Friday, February 23, 2007

Prehistoric Xenas?

Remember when professional gasbag Camille Paglia huffily opined that "if civilization had been left in female hands, we would all be living in grass huts"? This is back when rehashing old, tired tripe was supposed to be shocking and radical. Here's something really shocking and radical. Anthropoligists have studied chimpanzees and now have a theory, based on the chimps' behavior, that weapons may have been invented by--surprise!--females, not males. The logic behind this is actually very sound.

The use of spears and axes to hunt and kill is commonly thought to have been pioneered among humanity's ancestors by males, but research has indicated weapons may have been a female invention that compensated for their lesser size and strength.
Anthropologists' observations of chimpanzees in Senegal have revealed they gnaw the ends of sticks to create rudimentary spears, which they use to hunt bushbabies, a small primate.

The findings are the first evidence of the systematic use of weapons in a species other than humans - and they are intriguing because all but one of the chimps using the spears were females or immature males.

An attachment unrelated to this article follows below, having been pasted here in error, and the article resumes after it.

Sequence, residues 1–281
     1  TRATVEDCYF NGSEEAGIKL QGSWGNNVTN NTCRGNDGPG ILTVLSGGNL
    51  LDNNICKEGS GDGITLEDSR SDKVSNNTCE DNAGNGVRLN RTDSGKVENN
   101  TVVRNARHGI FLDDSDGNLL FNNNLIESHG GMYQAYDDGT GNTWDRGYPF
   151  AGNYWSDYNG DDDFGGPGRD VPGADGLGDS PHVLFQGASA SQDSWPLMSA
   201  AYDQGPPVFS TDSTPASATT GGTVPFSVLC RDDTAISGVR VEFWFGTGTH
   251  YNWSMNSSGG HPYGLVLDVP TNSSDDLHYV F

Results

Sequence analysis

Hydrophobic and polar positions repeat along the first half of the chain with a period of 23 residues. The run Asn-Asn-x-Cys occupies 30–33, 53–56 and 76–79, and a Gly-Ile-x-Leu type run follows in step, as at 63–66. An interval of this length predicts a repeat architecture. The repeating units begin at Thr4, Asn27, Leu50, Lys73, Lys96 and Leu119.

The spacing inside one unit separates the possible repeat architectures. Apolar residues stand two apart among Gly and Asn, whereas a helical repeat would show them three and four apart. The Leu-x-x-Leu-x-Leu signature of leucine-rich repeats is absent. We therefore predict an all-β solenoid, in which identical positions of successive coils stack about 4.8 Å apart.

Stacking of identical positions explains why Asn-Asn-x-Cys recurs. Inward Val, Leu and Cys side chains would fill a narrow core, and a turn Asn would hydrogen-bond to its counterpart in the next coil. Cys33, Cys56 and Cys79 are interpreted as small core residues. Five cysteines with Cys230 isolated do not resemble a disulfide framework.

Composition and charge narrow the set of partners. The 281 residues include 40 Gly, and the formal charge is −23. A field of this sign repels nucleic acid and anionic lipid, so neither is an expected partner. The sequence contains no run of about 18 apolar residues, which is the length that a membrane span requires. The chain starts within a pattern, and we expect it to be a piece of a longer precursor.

This gender imbalance has led scientists to theorise that female chimps pioneered hunting with weapons as the only way in which they could compete with the physically stronger males to add animal protein to their diets. While males can hunt with their bare hands, females need weapons to help them.

"Females have to come up with creative ways at getting at a problem, whereas males have brawn," said Jill Pruetz, of Iowa State University, who led the research.

Maybe someone could mention this to Erin Solaro, who's written extensively on women in the armed forces. Somehow, allowing women in combat makes more sense. And maybe someone could send a copy to Paglia, who seems to have made this year's most unwelcome comeback as a Salon columnist. Would she stop talking about herself long enough to read it?